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Book Review: The Green Investing Handbook, Nick Hanna

Cover of  by Nick Hanna

An investment guide to renewable energy technologies, the recent ?Green Investing Handbook? by Nick Hanna, provides a good overview for people looking at investments in the renewable energy sector.

In the recently published book ?The Green Investing Handbook?, the author Nick Hanna is providing a rather detailed investment guide to companies in the renewable energy space. The book seems to be mostly aimed at individual and private investors as it can only scratch the surface on some of the technologies.

The book looks at renewable energy funds and how to build a ?green portfolio?. Then in the chapters on ?where to invest?, it is looked at the different renewable energy types. Naturally everyone has a different view space and ordering of the different renewable energy types, geothermal clearly gets the least space. But then again for outsiders and individual investors the geothermal energy sector is hard to grab.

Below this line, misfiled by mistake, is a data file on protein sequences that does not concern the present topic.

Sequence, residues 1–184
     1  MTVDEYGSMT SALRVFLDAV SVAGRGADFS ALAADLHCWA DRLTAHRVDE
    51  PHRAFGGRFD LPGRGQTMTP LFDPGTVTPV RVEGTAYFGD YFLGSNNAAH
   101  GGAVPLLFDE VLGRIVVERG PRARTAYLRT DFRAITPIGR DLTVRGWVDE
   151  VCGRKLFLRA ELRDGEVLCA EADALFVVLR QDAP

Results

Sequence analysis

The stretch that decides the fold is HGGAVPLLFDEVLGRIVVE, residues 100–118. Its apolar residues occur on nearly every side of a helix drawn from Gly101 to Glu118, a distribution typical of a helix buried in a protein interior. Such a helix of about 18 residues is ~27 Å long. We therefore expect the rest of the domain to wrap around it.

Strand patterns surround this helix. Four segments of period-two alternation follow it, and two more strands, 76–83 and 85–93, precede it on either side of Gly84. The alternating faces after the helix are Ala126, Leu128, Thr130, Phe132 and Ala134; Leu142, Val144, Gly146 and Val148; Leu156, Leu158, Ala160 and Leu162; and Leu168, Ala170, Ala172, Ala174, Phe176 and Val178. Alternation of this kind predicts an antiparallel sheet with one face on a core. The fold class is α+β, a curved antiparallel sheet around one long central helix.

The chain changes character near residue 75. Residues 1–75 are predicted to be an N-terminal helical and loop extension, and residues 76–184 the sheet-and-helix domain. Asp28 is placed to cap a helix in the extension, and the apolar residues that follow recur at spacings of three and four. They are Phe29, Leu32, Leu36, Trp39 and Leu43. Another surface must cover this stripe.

It then provides a rather thorough and interesting directory of listed companies, green funds and indices, as well as Green investment funds.

The book describes in short geothermal energy and its application types, but only for power generation clearly overlooking the big market for geothermal direct use. But it covers geothermal heat pumps as part of the ?green building? chapter. The ?companies to watch? looks at Potter Drilling and Geysir Green Energy (both private companies), overlooking a number of very interesting geothermal players e.g. from Australia, Europe, the U.S. and other countries in the hot regions of the world.

It is generally difficult being biased towards geothermal energy and not being critical about the lack or limitation of presence that geothermal gets, so one needs to be fair. It gives a good overview on geothermal, but not providing much substance to the sector with regards to development and the individual opportunities within the sector, particularly when it comes to direct use, e.g. for heating, heat applications etc. So from a geothermal energy perspective I find the chapter on it too short and not going into much depth.

But, all in all the book gives a very good and concise overview on the overall renewable energy sector, players, funds etc. So it is a good handbook when quickly wanting to understand and get a grip on renewable energy technologies.

Lastly, I am naturally a bit dissappointed for ThinkGeoEnergy not appearing in the ?resources? section for geothermal energy, but hey that?s life.

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